Phoenix, Arizona City Council is trying to prevent a Satanist group from delivering a prayer before the council’s meeting.
The Satanic Temple of Tucson is scheduled to pray Feb. 17, KPNX reports.
The group states they believe the attempted ban is unconstitutional.
"This is clearly discriminatory and targeting one group," Stu De Haan, a criminal defense lawyer who is also a Satanic Temple chapter leader, said.
The council will look at changing the way a group is allowed to pray before a meeting.
At the moment, the system allows anybody to call and schedule a date where they can deliver the invocation.
Council members Jim Waring, Sal DiCiccio, Bill Gates, and Michael Nowakowski want the mayor and eight council members to instead select the groups on a rotating basis.
They also want to incorporate a 24-hour emergency clause so the rule would be implemented as soon as possible to stop the Satanist group from praying. Jim Waring wants to deny the Satanists and let them battle it out in court, reports AZCentral.com.
"If they want to commit a constitutional violation, we will respond in turn. We have people everywhere (in each council district), and we'll adjust,” De Haan said.
Earlier, Mayor Greg Stanton stood by the Satanist group’s right to deliver the invocation.
“I strongly disagree with this group’s message. However, the First Amendment protects free speech. As offensive as that message may be, the Constitution demands equal treatment under the law.”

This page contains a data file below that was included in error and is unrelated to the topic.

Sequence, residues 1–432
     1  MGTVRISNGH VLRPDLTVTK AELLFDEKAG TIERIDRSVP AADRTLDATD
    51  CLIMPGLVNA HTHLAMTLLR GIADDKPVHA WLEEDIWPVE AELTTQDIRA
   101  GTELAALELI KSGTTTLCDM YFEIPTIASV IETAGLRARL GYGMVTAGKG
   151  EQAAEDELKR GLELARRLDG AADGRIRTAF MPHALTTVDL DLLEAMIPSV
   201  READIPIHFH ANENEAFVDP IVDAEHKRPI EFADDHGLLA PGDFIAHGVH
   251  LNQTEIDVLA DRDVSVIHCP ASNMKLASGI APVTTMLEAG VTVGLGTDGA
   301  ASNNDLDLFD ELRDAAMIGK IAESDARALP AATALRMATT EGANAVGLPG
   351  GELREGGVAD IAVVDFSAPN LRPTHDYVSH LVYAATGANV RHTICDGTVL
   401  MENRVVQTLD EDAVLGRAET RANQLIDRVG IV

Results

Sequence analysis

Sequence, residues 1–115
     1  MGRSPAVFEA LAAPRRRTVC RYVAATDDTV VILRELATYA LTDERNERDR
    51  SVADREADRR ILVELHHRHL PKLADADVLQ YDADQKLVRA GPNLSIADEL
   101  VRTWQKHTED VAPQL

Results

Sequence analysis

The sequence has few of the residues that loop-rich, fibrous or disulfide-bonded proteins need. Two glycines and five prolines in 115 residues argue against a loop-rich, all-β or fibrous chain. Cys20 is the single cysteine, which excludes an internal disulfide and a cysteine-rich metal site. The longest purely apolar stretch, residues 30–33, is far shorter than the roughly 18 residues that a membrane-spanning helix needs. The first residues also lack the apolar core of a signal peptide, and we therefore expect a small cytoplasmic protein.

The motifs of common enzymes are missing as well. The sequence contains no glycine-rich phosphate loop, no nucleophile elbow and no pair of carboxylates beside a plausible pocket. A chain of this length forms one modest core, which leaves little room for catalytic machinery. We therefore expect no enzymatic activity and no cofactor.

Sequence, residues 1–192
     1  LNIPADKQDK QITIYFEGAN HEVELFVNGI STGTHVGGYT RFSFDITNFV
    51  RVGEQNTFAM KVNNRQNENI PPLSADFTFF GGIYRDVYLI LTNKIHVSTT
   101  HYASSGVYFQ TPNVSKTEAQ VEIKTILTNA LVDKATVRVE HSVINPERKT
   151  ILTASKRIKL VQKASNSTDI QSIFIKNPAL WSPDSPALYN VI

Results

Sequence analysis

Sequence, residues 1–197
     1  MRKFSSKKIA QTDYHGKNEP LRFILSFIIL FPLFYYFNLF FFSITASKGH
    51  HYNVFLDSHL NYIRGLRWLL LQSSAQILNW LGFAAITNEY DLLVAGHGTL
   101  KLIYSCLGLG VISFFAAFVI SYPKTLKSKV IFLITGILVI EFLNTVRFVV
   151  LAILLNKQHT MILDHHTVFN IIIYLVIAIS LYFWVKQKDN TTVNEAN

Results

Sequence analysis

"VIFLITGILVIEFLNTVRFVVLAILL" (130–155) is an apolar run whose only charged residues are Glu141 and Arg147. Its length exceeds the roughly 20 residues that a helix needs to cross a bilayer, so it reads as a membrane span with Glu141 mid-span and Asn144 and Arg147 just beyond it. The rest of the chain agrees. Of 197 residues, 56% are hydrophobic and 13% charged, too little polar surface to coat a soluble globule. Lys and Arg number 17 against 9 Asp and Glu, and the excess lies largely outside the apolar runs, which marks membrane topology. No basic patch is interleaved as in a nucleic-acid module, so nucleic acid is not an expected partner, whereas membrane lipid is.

Indeed, two years ago, the Supreme Court ruled that any government body allowing for prayers before meetings must "let in everybody.”
"If you allow God in the building, you have to allow the devil in the building," Dianne Post, an attorney, said. "The First Amendment says you cannot favor one church over another church, or a religion over a non-religion."
While the Satanist group says they are religious, they do not worship the devil.
The group says they believe the story of Satan’s fall from heaven is about standing up to a tyrannical government. That’s the message they want to deliver at the invocation, they say.
"We would be better off if the government would stay out of religion all together," Greaves said. "We think religion has no place in the public square."